It’s time for the private sector to tackle housing discrimination



While many racial and social injustices have come to the fore in our national consciousness over the past year, a number of inequalities continue to go unaddressed. A prime example is our country’s currently booming housing market, with decades of data showing that African Americans and other minority groups have not received the same treatment as Caucasians when looking for loans. mortgage or have their home appraised.

Buying or selling a home is usually one of an individual’s most important life decisions. After all, a home is often a person’s most important asset and the source of long-term wealth. Yet the real estate and mortgage industries continue to make it far too difficult for current and potential homeowners to operate on the same playing field when finding, buying and financing their homes. dreams.

According to a 2019 report by Consumer Financial Protection Bureau, African Americans were denied mortgages at a rate of 16% and Hispanics were turned down at a rate of 11.6% compared to a rejection rate of only 7% for white Americans in during the same period. the National Association of Real Estate Agents also reported that single women – the second largest group of home buyers – often see their homes undervalued while paying higher interest rates than men.

A separate study conducted by Iowa State University found that same-sex couples are about 73% more likely to be denied a mortgage application than heterosexual couples.

The home appraisal industry, which is over 85% white, has not fared much better. A study conducted by the Brookings Institution found that “in the average metropolitan area of ​​the United States, homes in neighborhoods where the population share is 50% black are valued at about half the price of homes in neighborhoods without black residents.” The study also found that “the value of assets – buildings, schools, leadership and the land itself – is inextricably linked to black perceptions.”

When it comes to getting a mortgage and an appraisal, there has always been too much room for human prejudice. The point is, human decision making and quality instinct still play too big a role in the home buying process. The status quo may be fine for the average Caucasian homeowner with a long credit history and considerable equity capital, but it clearly isn’t working for a growing number of minorities looking to become first-time homeowners.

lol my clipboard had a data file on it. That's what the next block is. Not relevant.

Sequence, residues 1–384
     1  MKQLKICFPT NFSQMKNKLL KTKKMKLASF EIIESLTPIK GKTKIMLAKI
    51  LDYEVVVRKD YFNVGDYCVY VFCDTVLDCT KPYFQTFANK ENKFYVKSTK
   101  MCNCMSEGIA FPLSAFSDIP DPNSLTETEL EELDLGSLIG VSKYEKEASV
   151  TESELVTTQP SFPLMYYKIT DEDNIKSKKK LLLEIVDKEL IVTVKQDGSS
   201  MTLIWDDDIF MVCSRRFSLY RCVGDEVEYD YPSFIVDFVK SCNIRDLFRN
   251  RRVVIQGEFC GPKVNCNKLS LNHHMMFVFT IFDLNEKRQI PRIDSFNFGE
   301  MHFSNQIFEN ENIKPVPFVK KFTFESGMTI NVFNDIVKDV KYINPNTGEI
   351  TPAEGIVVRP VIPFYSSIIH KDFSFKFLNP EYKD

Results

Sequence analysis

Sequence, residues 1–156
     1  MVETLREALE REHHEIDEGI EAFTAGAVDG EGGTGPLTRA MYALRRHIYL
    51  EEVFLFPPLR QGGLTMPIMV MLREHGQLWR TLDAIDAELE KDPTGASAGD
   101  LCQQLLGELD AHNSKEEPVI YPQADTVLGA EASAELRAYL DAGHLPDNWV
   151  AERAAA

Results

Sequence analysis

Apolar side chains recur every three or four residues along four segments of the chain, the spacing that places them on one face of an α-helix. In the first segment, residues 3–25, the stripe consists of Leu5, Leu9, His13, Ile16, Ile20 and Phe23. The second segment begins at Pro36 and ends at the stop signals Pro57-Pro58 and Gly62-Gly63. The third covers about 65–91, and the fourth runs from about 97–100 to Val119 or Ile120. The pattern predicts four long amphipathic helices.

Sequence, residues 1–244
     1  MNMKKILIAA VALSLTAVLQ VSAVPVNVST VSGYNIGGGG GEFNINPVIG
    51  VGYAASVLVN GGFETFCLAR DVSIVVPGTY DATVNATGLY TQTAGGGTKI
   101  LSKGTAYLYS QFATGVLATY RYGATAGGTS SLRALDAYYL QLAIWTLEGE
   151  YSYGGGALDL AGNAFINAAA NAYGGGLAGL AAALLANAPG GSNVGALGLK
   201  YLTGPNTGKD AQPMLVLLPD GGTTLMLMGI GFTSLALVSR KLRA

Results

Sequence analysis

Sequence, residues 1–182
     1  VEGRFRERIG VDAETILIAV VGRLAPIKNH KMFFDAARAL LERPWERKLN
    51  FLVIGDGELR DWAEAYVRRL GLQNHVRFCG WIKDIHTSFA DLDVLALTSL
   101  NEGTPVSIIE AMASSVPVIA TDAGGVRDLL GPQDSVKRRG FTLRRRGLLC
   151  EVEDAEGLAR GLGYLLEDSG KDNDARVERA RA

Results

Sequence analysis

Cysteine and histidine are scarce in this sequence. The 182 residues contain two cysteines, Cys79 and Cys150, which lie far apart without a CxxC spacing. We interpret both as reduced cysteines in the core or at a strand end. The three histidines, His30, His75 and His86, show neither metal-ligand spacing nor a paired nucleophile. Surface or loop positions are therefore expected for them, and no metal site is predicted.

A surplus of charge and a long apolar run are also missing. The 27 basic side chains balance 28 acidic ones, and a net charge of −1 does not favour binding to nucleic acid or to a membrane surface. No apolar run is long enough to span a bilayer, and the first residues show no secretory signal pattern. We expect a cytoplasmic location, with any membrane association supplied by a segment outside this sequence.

Rather than wait for the government to level the playing field through regulation, the housing industry should take decisive action by taking advantage of new technologies – such as machine learning and automated assessment models – that can take objective and data-driven decisions. Organizations such as the National Association of Realtors and the Mortgage Bankers Association have the ability to establish standard guidelines that can help lenders and appraisers make decisions based on tangible ideas rather than instinct.

Studies are already showing that algorithm-based digital mortgage solutions can reduce discrimination in the pricing of loans to minority borrowers by 40%. This type of logical automation is much more impartial in accepting and rejecting loans compared to traditional face-to-face loan models.

When it comes to appraisal, free tools give consumers a fair and accurate appraisal of their property so they can make more informed real estate decisions without having to rely on a human appraiser. It is the type of resource that can be adopted and standardized across the industry.

While the technology is not perfect and human involvement in the home buying process will remain important, current and potential homeowners deserve a better system. The reality is that the current one is widening the wealth gap between black and white families.

Jeremy Sicklick is the Co-founder and CEO of real estate data and analytics company HouseCanary.

This column does not necessarily reflect the opinion of the editorial staff of HousingWire and its owners.

To contact the author of this story:
Jeremy Sicklick at [email protected]

To contact the editor responsible for this story:
Sarah Wheeler at [email protected]


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